Projected impacts and benefits include:
|POVERTY REDUCTION, LIVELIHOODS & JOBS
Investments supported by the Initiative will generate increased employment and incomes and will help improve availability and affordability of nutritious foods among low-income (peri-)urban consumers, benefiting 4 million people.
|NUTRITION, HEALTH & FOOD SECURITY
The Initiative will work to make food chains that feed urban areas more efficient and shorter, thus reducing food safety risks and food losses and leading to healthier food environments to ensure the urban poor have increased access to safe and nutritious diets. This will avert a projected 2 million cases of communicable and non-communicable disease among urban dwellers and ensure 1.53 million people meet their micronutrient requirements.
|GENDER EQUALITY, YOUTH & SOCIAL INCLUSION
Addressing some of the critical issues women and youth face through food system-based approaches will help improve their health and nutrition, increase their access to decent employment and empower them to have greater agency in their own lives, reaching 3.6 million women and youth.
|CLIMATE ADAPTATION & MITIGATION
Shortening of food value chains, changes in food environments, improved urban planning and residents and investment of around US$100 million in better urban organic waste management and circular bi-economies will help reduce the environmental footprint and greenhouse gas emissions from the agrifood system.
|ENVIRONMENTAL HEALTH & BIODIVERSITY
The reliance of agriculture in (peri-)urban systems on agro-chemicals, and its potential to contribute to the spread of zoonotic diseases, have been incorporated into the Initiative’s research. The impact of urban pollution and waste in these systems is also being addressed and will see improved management over at least 6 million hectares of land.
Projected benefits are a way to illustrate reasonable orders of magnitude for impacts which could arise as a result of the impact pathways set out in the Initiative’s theories of change. In line with the 2030 Research and Innovation Strategy, Initiatives contribute to these impact pathways, along with other partners and stakeholders. CGIAR does not deliver impact alone. These projections therefore estimate plausible levels of impact to which CGIAR, with partners, contribute. They do not estimate CGIAR’s attributable share of the different impact pathways.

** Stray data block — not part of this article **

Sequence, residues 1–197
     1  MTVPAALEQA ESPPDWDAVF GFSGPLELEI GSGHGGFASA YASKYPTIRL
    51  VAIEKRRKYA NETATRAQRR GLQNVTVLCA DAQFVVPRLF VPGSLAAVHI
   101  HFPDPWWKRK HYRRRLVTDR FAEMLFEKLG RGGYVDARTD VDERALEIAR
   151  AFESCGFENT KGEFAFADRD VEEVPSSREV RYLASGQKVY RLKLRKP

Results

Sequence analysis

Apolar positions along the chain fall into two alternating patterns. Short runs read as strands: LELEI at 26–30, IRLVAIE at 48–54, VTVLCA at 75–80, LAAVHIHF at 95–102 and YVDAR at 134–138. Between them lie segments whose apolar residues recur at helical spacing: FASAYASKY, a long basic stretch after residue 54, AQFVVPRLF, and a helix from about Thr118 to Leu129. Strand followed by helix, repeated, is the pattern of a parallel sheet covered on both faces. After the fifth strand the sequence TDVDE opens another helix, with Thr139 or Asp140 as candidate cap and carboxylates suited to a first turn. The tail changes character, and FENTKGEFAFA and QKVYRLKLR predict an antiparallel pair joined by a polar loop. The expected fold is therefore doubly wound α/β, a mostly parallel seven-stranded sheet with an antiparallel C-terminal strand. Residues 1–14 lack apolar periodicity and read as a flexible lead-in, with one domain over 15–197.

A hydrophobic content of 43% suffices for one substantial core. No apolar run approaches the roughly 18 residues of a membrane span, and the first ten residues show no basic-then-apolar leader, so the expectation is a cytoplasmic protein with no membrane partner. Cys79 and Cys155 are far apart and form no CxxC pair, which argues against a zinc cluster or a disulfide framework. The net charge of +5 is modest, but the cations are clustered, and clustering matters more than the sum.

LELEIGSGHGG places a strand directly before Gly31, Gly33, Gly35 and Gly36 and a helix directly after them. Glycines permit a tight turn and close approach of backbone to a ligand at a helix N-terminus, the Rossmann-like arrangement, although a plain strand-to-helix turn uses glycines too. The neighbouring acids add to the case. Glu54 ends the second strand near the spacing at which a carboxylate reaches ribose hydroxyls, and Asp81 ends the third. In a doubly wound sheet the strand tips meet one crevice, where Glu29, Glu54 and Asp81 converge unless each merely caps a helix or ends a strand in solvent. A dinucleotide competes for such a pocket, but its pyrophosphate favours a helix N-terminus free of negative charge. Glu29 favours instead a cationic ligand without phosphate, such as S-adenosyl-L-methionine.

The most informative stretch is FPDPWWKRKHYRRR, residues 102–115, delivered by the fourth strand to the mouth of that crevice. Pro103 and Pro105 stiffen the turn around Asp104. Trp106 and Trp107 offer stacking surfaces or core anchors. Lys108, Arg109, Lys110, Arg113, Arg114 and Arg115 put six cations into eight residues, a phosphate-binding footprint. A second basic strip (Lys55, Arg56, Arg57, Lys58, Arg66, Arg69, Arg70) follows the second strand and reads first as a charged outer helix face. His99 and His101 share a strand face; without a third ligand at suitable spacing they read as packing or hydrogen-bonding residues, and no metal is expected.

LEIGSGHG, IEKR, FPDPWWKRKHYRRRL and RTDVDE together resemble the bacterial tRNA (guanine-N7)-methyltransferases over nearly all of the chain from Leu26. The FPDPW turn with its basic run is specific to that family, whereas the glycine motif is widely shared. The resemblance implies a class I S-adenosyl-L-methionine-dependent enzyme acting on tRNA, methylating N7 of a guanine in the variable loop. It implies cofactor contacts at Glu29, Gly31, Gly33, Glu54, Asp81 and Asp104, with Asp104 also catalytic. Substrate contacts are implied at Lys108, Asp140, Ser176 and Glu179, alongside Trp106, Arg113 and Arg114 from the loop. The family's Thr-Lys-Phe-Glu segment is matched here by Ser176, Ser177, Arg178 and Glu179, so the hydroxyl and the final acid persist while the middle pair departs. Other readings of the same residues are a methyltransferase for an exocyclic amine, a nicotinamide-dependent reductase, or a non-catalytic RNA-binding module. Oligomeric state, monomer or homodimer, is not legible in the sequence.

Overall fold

The Initiative has a wide array of demand, innovation, and scaling partners, including universities, NARES institutions, private-sector agrifood enterprises and their associations in formal and informal sectors, municipal and national government institutions, consumer groups, youth groups and other civils society organizations, regional and global city networks, UN organizations and international finance institutions.
Header photo: Fatou Diouf is a fish seller at the Grand Yoff market in Dakar, Senegal. She specializes in shrimp, fish and squid. She sells her product every day for the last 15 years using bags of ice to keep her daily product fresh. She often attends online webinars to improve her business acumen and has gained the title as an “Agent Technique des Peche et de l’Aquaculture” from the “Centre National de Formation des Techniciens de Peche et de l’Aquaculture.” Photo by M. Cooperman/IFPRI.
The Initiative has a wide array of demand, innovation, and scaling partners, including universities, national agricultural research and extension system institutions, private-sector agrifood enterprises and their associations in formal and informal sectors, municipal and national government institutions, consumer groups, youth groups and other civil society organizations, regional and global city networks, UN organizations and international finance institutions.
Following an inception period, this summary has been updated to respond to recommendations from the Independent Science for Development Council on this CGIAR Initiative’s proposal. Initiatives are considered “operational” once they receive funding and activities commence.